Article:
How to smash your graduate scheme interview and get that bread
Not like you spent the last three years working up to this or anything
After seemingly endless applications you’ve finally landed yourself an interview – CONGRATULATIONS!!! It’s been a saga. But now there’s a new challenge to face, the graduate scheme interview itself. Which, as a generation who’d rather text or DM on Insta than have a phone call or, god forbid an actual face-to-cafe conversation with someone, is terrifying.
But, don’t panic. I’ve scoured the internet for the best graduate scheme interview tips so that you can get the job and never, ever have to apply for a grad scheme again (you’re welcome).
Read below for some simple advice and handy links for further reading (if you don’t feel have enough to do from your seminars already):
1) Find out the format of your graduate scheme interview
Each interview type involves a slightly different process, here are some of the most common:
These are often one of the first types of interview you’ll experience. They’re used to make sure candidates meet the basic job requirements and help filter out those that BS’d their way through their cover letter and CV.
For these, make sure you’re in a quiet area, away from rowdy housemates yelling about their latest hookups or testing out the speakers for pres. Make sure to have your CV nearby in case you need to refer to it and any notes on the role/company you’re applying to (just in case the interview reels off some tricky questions about the companies’ history*).
*Sadly phone a friend is not an option.
There are two variations within this category: Skype interviews and recorded question interviews.
For Skype interviews, jump to the face-to-face interview section.
Recorded question interviews are basically a way for employers to screen you, to make sure you fit the company culture and can communicate well. After all the applications you’ve done, these will feel super easy – like with the online application forms, you’ll have time to research properly and prep your answers for every question.
Just remember, this is the first time the employer will be able to see you, so make sure you dress smartly, speak clearly and don’t have any dodgy posters in the background (and for god’s sake, make your bed!).
These can be held separately, but are often part of an assessment centre day. As the interviewer can see you, make sure you’re looking smart and presentable. If you’re unsure what to wear, the best practice is to slightly overdress – it’s better to seem more professional than less. Also, make sure you’re fully prepared for their questions, as you won’t have notes on hand, and that you turn up on time (10 minutes before is ideal – any earlier and you risk being an inconvenience).
2) Research the employer
Have a Google or head to the company’s website to learn more about what it does, the company’s values and how it operates within the industry as a whole. Also, make sure you know about any awards they’ve won or recent campaigns you think were particularly successful. This information will show the interviewer that you really want to work there (and that it isn’t just the one, out of hundreds of applications you sent, that replied to you).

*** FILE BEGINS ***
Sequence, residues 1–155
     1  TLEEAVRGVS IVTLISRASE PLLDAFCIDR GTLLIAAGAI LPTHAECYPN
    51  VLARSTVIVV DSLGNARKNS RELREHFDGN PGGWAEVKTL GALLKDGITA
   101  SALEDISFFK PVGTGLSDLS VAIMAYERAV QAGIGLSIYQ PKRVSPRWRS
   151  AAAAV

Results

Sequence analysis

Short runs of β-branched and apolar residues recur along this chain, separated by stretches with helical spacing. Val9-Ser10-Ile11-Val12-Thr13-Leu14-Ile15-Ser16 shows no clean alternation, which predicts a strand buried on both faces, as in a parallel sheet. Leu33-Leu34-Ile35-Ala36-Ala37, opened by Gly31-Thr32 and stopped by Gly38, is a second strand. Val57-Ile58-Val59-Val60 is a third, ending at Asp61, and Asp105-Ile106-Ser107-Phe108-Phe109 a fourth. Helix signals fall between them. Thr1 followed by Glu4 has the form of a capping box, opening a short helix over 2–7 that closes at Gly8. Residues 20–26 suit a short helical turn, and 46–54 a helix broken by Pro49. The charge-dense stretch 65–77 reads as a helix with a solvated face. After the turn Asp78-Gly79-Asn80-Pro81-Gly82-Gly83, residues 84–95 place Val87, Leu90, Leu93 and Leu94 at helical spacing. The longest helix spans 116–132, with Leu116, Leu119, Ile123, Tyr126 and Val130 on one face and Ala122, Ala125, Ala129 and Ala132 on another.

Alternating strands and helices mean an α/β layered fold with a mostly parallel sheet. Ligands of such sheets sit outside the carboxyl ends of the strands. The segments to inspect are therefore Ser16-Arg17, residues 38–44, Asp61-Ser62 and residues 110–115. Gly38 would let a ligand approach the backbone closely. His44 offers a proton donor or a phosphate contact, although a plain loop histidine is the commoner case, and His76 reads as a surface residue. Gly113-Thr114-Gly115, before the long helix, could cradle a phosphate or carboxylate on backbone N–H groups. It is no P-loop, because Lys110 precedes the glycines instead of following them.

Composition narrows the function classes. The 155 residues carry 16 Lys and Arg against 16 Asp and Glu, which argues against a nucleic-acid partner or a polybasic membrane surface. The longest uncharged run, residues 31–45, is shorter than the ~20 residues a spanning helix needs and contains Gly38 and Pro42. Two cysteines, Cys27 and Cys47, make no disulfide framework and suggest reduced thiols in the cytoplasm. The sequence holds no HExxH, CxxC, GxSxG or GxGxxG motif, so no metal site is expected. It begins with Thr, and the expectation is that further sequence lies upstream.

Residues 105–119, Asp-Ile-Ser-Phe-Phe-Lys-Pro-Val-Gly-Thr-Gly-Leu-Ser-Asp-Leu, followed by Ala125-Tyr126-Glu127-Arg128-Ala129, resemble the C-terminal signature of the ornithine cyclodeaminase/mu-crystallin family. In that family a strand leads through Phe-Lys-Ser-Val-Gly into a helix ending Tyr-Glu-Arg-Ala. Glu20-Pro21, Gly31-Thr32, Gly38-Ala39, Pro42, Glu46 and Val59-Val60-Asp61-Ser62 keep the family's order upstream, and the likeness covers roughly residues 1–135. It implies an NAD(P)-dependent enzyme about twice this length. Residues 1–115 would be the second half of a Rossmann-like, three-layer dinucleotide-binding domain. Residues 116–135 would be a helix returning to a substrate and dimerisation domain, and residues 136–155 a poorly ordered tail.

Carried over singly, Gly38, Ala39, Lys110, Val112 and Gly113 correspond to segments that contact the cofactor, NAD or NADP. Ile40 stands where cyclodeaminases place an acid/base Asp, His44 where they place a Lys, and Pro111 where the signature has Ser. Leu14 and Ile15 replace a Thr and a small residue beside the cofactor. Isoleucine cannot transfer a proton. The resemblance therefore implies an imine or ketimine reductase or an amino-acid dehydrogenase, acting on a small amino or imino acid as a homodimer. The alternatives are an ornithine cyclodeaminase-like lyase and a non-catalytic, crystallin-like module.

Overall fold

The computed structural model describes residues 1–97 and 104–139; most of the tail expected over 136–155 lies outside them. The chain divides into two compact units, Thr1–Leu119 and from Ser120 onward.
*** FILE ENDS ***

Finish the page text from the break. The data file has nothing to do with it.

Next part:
3) Plan your answers to common graduate scheme interview questions
Most interviewers have a set group of questions they’ll ask you, which means these they’re pretty easy to prep for. The hardest bit is working out what your answer should be and how to show off why you’re the best person for the role. Once that’s done, you just need to get comfortable responding to them naturally (too robotic and the interviewer will be put off).
Here are some examples for the more difficult ones:
“I’m a perfectionist” – Here’s how to properly respond to the dreaded “what’s your biggest strength and weakness” interview question.
“Let’s not fight” – Not sure what to say when you get asked “how do you deal with conflict” in an interview? Here’s a step by step guide to your perfect answer.
“Employed by you” – How to, and how not to, answer “where do you see yourself in five years?” without sounding like your life ended at graduation.
It’s also a good idea to prepare at least one question to ask at the end, as this shows that you’re interested in more than the paycheck attached to the job description.
4) Dress the part
Basically, you want to look like you already work there. If you’re in a t-shirt and jeans and they’re in suits then they’ll assume you’re not the right cultural fit. One of the best ways of sussing this out is by stalking through the company’s social media pages and seeing what the employees featured are wearing.
If you’re still struggling to decide, always dress slightly more smart than you’d naturally think.